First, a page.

Craft brewers were mostly not pleased Friday with President Donald Trump’s proposal to impose a 10 percent tariff on imported aluminum.
“This is gong to hurt,” said Brewers Association President and CEO Bob Pease. “Not every craft brewery cans, but it’s going to impact thousands of small businesses in a significant way.”
Glass bottles remain the predominant form of packaging craft beer; 42 percent of it leaves the brewery in bottles versus 16.7 percent in cans. But canning, a trend in craft brewing that took hold about five years ago, has steadily grown. From one local brewer putting beer in cans in 2013, now at least seven of 36 in Central Oregon are doing so.
Deschutes Brewery last year installed a $5.5 million canning line that started service this year. CEO Michael LaLonde, in an emailed statement Friday, said an aluminum tariff, basically a tax on imported aluminum, although meant to protect American industry, would do the opposite.
“Policies like this may appear to protect our national economy on the surface,” LaLonde wrote, “but they can actually end up doing more damage by making it harder for small and mid-sized breweries like ours to compete with the larger breweries who can buy in greater volume. Ultimately, the customer loses with increased costs for that can of craft beer.”
Ryan Duley, marketing director at Sunriver Brewing Co., said the proposed tariff caught his attention, but he’s not sure yet what cost it will add if it comes into effect.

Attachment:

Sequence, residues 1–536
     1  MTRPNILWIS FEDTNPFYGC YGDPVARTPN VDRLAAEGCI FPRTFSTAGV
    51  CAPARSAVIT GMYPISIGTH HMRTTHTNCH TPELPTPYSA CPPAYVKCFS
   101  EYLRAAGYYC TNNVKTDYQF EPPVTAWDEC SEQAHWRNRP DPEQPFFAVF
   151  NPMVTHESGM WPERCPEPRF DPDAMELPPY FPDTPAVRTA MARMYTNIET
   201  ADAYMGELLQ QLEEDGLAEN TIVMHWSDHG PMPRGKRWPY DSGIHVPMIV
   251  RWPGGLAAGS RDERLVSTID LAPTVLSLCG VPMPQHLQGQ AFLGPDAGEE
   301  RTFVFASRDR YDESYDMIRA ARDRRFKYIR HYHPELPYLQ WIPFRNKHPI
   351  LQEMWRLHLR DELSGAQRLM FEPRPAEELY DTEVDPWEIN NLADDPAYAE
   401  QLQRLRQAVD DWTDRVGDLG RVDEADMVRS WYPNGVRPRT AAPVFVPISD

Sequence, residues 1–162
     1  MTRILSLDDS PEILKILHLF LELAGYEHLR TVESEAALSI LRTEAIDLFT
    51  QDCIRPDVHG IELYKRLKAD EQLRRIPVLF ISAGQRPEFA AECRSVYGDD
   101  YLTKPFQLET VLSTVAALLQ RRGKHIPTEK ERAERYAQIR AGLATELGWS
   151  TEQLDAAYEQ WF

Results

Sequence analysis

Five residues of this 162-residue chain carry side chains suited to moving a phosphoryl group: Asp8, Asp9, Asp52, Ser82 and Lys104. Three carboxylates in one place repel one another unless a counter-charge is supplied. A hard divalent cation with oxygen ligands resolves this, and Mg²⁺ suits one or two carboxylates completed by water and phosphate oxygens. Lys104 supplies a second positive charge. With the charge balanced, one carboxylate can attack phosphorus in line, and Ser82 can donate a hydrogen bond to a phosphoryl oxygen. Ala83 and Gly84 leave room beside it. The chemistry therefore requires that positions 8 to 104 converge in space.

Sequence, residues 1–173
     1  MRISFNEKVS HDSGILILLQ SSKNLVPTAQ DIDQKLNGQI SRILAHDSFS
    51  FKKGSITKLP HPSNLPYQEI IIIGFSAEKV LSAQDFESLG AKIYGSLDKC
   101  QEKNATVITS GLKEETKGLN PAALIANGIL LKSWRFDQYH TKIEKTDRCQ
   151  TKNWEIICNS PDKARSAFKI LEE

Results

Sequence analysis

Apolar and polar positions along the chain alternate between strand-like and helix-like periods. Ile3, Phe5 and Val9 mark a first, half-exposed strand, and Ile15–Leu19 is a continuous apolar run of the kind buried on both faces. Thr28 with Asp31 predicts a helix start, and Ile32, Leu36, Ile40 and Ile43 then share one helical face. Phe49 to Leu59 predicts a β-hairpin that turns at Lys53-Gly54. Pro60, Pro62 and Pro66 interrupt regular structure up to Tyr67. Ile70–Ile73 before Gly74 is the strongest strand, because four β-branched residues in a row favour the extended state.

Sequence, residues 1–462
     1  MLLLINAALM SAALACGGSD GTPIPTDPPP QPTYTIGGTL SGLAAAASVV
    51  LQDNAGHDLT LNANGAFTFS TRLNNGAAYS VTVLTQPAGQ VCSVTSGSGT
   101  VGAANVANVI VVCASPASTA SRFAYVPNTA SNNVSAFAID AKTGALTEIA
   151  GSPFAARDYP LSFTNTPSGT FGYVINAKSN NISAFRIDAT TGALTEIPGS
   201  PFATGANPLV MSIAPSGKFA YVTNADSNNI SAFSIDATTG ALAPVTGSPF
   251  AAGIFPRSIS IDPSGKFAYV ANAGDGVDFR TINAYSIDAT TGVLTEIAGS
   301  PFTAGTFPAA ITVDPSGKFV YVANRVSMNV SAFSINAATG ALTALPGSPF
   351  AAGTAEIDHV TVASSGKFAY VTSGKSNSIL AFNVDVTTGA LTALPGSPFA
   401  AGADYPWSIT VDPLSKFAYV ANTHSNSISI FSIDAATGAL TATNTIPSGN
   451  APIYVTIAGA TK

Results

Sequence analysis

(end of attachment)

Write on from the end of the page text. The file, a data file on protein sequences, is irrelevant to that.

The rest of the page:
“It’s like hops. Prices are going up, but they’re going up for everybody. It’s part of doing business,” he said. “Is this going to do anything or not? Right now, we’ll keep doing what’s in front of us.”
Larry Sidor, co-founder of Crux Fermentation Project, in Bend, said he expected a “fairly insignificant” cost increase.
“At this point, I’m welcoming it,” he said. “I’d rather buy aluminum from a country with environmental controls and labor laws and unions and lawyers and all that.”
The White House on Thursday announced plans to impose a 25 percent tariff next week on imported steel as well as the 10 percent duty on aluminum. Trump used a Cold War-era law that allows the president to reduce imports deemed a threat to national security. In this case, a Commerce Department study last month concluded imported metals erode the nation’s capacity to make military hardware.
Canada supplies most aluminum imported into the U.S., 59 percent between 2012 and 2015, according to the U.S. Geological Survey. Ninety-eight percent of can-sheet aluminum, which is turned into cans for the beverage industry, is made in the U.S. of raw materials imported from Canada, Pease said.
“I don’t think can-sheet (aluminum) is a threat to national security,” he said. “The Brewers Association supports fair and free trade, but we’re not so sure tariffs are the way to go about that.”
The Brewers Association, a trade group that represents independent breweries that produce 6 million barrels annually or less, joined with the Beer Institute, which represents larger brewers such as MillerCoors and Anheuser-Busch, to oppose the aluminum tariff. Outwardly, the two sometimes have conflicting goals, as when multinational brewing companies buy up smaller craft brewers to increase their market share. Pease said the two have a common cause in this case.
“It’s not surprising,” Pease said. “We work cooperatively with the Beer Institute on a number of issues.”
The Beer Institute, on its website, states the tariff would add $340 million a year in costs to an industry that generates $350 billion in economic impact in the U.S. At the other end of the scale, craft brewers contribute $67.8 billion annually to the U.S. economy, according to the Brewers Association.
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